There was also no river patrol, a direct person-to-person form of notification which had been used extensively before. Grech points out that this notification period only targeted the eight villages which had steadfastly refused to sign the CMCAs.
“You’re not delivering them [the notices] personally?” Bongiorno asked Charles Scerri, for OTML, in the December settlement application.
“No, we nominated Mr Archibald but he ”
“I have prior commitments,” Archibald advised the court.
The way OTML handled the CMCAs has also been questioned. Robin Moken alleged that CMCA documents were given to junior people in the clans who had no authority and whose uninformed signatures were used to bind entire clans.
“I cannot bind another clan, it has to be signed by the clan leader to bind his own members. What happened here was they put some stupid person on the boat and tried to bind everybody along the river, and that is not on. That’s not how we work here, that is not in line with our custom, it doesn’t work like that.”
This is backed up by an independent report prepared by the University of Papua New Guinea, which concluded that the people in its sample communities had not been fully informed of the implications and consequences of signing the CMCAs. The report’s author, Dr Lawrence Kalinoe, wrote:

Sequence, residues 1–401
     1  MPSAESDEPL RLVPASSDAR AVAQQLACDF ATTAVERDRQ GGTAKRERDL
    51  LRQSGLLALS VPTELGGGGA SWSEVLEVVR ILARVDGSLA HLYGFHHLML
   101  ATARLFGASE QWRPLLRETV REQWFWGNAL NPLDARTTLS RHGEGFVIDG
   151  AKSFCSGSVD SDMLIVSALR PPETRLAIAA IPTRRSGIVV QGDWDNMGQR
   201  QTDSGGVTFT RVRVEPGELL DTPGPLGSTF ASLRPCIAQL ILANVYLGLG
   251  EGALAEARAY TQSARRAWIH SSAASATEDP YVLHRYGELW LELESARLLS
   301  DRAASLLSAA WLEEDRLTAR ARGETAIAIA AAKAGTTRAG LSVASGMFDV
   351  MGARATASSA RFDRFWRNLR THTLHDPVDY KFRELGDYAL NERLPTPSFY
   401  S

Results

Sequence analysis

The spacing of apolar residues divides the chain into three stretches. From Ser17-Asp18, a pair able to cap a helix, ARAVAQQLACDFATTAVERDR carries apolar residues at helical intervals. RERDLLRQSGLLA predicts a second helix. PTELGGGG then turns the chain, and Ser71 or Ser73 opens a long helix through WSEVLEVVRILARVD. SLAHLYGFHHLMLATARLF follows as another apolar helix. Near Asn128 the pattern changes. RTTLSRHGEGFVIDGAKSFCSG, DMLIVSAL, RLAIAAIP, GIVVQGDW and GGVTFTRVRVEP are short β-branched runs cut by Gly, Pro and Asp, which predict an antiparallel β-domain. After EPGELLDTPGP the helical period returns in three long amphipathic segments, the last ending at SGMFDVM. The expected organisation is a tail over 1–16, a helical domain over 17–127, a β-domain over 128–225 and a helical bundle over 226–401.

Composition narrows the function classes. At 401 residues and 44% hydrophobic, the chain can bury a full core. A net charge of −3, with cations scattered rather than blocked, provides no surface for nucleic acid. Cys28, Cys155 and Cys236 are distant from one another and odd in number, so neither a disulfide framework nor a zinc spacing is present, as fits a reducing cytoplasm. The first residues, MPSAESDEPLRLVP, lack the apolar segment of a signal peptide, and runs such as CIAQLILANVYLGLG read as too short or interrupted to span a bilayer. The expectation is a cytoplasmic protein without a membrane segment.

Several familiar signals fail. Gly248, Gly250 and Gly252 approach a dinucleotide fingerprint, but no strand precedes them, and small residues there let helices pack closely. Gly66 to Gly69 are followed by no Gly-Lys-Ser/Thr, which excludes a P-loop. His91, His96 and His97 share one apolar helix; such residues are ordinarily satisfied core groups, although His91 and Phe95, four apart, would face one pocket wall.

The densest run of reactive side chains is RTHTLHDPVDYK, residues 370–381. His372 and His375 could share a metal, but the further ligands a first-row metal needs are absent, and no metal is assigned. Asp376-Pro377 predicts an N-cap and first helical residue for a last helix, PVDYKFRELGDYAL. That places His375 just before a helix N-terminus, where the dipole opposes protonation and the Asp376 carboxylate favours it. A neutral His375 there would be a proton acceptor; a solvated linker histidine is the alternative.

“There was only partial and selective disclosure, and thus little to no informed consent.”
As for Slater & Gordon, it’s been an expensive case. Grech told Justinian that the firm wrote off “two to three million dollars in professional fees,” adding that their only costs recovery, under the no winno fee agreement was for disbursements and some professional fees in the contempt proceedings and nothing at all for the breach of settlement matter.
But he says the losses will not deter Slater & Gordon from pursuing future public interest litigation.
“I think people have short memories. We’ve won and lost lots of cases. When we ran the first Wittenoom mine cases in the 1980s, we lost the first three. We’ve been going for 65 years, we will not be deterred. We believe in what we do, and we’ll keep on doing it.
“But in the end, you know, lawyers should never be zealots. What [clients] are mostly relying on you for is to give them objective advice. And as difficult as that sometimes is, and as painful as it is, that’s your obligation to them. As a professional person that’s what you’ve got to do, whether it’s someone paying you tens of thousands of dollars or someone paying you nothing, they’re still entitled to objectivity.”
Reporter: Kelsey Munro